In February 2020, when the disease came to Europe, it became apparent to me that our timid hopes that the epidemics would subside and be finally buried in the China's soil were ruined. It was already evident from the Chinese statistics that the virus is lethal enough to scare and mild enough to pass unnoticed in many cases and, thus, to guarantee its effective dissemination. The question was *when* it reaches each next country.

Another question was the individual risks, especially the risk of *lethal outcome* if one contracts the virus. The average figure of around 5% was circulated by late January and early February. It was known that males were more susceptible to fatal outcomes. By February, it was also evident that the virus doesn't lead to death only in the elderly — the middle age was significantly affected, as well.

The mortality contingency tables from China showed an abrupt rise in the death tolls in each successive age group starting from the middle age. It disturbed me how an individual of 40 or 65 y.o., left with those contingency tables alone, could figure out his or her individual risk if his or her risk was grouped together with the risk in people up to 20 years younger or older and the person in question was right in between the two age groups with dramatically different fatality risks.

I believe that people who summarize and publish those pivoted tables or bar diagrams often don't realize that it is virtually impossible to meaningfully work with them for a statistician or data scientist. The unpivoted «raw» datasets hadn't been published, as unfortunately habitual for primary research. I hoped that it might be different this time, when the wellbeing of the whole world was put at risk. But no, even now, by early May, the majority of countries do not publish anonymized case-level datasets. Reading peered-reviewed journal articles, we may indirectly conclude that those datasets are made available exclusively to the privileged academic institutions establishing their monopoly in scientific research even in these difficult circumstances. I consider it both strange and disturbing.

After extensive search, which was focused on the countries with freely available COVID-19 testing and, at the same time, with comparatively widespread disease, particularly on South Korea, Germany, and the United States, I managed to find only one good case-level dataset published and maintained by a team of data scientists and data engineers collaborating in the Kaggle project *Data Science for COVID-19 (DS4C)*, which is hosted at https://www.kaggle.com/kimjihoo/coronavirusdataset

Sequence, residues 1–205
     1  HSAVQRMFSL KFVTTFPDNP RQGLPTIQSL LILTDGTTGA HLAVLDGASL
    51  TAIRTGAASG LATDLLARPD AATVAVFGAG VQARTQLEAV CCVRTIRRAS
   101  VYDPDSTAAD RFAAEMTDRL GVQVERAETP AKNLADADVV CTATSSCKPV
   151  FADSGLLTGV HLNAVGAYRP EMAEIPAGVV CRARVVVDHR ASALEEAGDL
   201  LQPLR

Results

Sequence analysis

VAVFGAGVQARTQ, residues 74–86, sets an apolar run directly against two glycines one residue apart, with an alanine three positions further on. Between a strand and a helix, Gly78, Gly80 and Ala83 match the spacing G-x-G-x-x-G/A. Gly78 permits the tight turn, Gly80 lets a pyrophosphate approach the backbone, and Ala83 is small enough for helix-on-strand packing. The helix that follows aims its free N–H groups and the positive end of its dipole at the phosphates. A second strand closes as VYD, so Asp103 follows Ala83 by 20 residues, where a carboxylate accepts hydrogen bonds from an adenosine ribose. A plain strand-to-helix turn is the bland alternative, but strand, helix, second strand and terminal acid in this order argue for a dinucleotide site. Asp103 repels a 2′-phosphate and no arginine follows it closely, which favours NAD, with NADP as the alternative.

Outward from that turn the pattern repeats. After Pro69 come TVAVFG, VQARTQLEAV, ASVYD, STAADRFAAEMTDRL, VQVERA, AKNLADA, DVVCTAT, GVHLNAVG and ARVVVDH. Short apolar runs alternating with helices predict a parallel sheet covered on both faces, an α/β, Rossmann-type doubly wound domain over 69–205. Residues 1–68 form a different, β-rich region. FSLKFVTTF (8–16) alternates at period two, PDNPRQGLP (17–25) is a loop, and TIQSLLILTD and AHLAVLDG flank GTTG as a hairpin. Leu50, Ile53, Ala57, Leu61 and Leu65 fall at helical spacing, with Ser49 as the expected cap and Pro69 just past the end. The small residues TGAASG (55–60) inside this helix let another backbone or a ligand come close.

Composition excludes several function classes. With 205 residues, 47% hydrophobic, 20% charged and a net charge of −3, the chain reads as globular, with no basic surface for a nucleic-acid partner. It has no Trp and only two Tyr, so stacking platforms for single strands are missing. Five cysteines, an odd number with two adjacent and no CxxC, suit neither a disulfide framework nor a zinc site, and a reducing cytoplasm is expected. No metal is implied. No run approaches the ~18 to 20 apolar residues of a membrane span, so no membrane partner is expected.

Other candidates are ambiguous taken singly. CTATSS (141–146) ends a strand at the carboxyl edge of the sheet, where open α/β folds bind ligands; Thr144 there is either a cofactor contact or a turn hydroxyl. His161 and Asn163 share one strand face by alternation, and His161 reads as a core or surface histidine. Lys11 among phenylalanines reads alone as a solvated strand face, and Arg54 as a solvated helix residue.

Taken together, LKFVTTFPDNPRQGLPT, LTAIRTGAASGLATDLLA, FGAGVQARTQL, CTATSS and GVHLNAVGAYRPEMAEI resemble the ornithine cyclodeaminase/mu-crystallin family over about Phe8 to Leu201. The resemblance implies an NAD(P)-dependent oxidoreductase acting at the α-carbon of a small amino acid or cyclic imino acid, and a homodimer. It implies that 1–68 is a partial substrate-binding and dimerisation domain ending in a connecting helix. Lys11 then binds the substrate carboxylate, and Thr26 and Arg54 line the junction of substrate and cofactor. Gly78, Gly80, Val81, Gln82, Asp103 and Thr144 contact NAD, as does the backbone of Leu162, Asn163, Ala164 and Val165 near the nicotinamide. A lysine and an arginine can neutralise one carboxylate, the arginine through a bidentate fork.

After obtaining those data suitable for analysis, I needed to decide which tools to use. The most significant risk marker seemed to be the age, which already incorporated the duration of potential risk-relevant chronic disease, like COPD, coronary hearth disease, as well as the cumulative history of smoking and might well be associated with the body mass index, leading to pronounced multicollinearity (mutual correlation of factors) if treating all those factors separately in the model. The second known risk factor was the gender.

I was confronted with the primary task of making a model of the dependency of the risk of death on the age. It appears to be a candidate for the standard logistic regression, with either a logit or probit model underneath. But there were two obstacles to using it: the age is a strictly positive variable (it just doesn't fit to the model) and, understanding that the logistic regression has little to do with the regular regression in terms of simplicity of its calculation and that maximum likelihood estimation is actually working under the hood, I realized that any Python or R logistic regression package that attempts to attract large enough user base must be relatively fast and, thus, is forced to make a huge sacrifice by dramatically reducing its precision.

So, if I wanted to do it right, I had to write a new library tailored to this particular task.

In order to circumvent the first obstacle, I derived a logarithm from the age variable, which in turn was transformed into a polynomial to provide for the possibility of quite complex functional relationship between the age and the risk.

And, of course, since my goal was not to attract users, but to make more precise estimation, I didn't spare CPU resources needed to fit the relationship sigmoid curve. I was ready to allocate hours or days, if necessary, for the model fitting, provided I could see the progress.

As a result, the achieved logarithmic ML estimate with the 5th order internal polynomial was 3.7 higher than what was achieved with a probit model from the regular logistic regression Python package statsmodels.discrete.discrete_model with the 5th order internal polynomial (but, of course, without embracing it with the additional logarithm), which translates into more than a 40 times higher likelihood of the model.

The first version of the package was finalized and published under GPLv3 license on April 3, 2020, on GitHub.

Link to the plot